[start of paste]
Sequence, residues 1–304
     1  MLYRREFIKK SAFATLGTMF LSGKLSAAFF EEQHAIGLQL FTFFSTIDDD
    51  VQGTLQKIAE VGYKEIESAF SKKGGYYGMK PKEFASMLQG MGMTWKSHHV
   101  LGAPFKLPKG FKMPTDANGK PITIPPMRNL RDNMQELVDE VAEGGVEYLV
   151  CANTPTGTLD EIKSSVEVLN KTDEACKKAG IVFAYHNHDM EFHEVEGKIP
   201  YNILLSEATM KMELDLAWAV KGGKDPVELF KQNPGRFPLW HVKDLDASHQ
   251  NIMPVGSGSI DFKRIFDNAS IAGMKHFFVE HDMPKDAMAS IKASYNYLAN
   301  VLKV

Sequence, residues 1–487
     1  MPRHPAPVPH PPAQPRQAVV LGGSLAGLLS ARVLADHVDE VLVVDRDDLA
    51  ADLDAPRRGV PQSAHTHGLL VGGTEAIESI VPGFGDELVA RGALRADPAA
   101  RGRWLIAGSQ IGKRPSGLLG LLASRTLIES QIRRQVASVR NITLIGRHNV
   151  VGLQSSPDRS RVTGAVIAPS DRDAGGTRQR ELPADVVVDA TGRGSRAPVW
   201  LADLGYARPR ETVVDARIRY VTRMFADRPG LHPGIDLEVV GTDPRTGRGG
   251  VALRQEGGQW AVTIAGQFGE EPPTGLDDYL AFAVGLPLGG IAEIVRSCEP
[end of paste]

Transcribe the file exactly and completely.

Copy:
Sequence, residues 1–304
     1  MLYRREFIKK SAFATLGTMF LSGKLSAAFF EEQHAIGLQL FTFFSTIDDD
    51  VQGTLQKIAE VGYKEIESAF SKKGGYYGMK PKEFASMLQG MGMTWKSHHV
   101  LGAPFKLPKG FKMPTDANGK PITIPPMRNL RDNMQELVDE VAEGGVEYLV
   151  CANTPTGTLD EIKSSVEVLN KTDEACKKAG IVFAYHNHDM EFHEVEGKIP
   201  YNILLSEATM KMELDLAWAV KGGKDPVELF KQNPGRFPLW HVKDLDASHQ
   251  NIMPVGSGSI DFKRIFDNAS IAGMKHFFVE HDMPKDAMAS IKASYNYLAN
   301  VLKV

Sequence, residues 1–487
     1  MPRHPAPVPH PPAQPRQAVV LGGSLAGLLS ARVLADHVDE VLVVDRDDLA
    51  ADLDAPRRGV PQSAHTHGLL VGGTEAIESI VPGFGDELVA RGALRADPAA
   101  RGRWLIAGSQ IGKRPSGLLG LLASRTLIES QIRRQVASVR NITLIGRHNV
   151  VGLQSSPDRS RVTGAVIAPS DRDAGGTRQR ELPADVVVDA TGRGSRAPVW
   201  LADLGYARPR ETVVDARIRY VTRMFADRPG LHPGIDLEVV GTDPRTGRGG
   251  VALRQEGGQW AVTIAGQFGE EPPTGLDDYL AFAVGLPLGG IAEIVRSCEP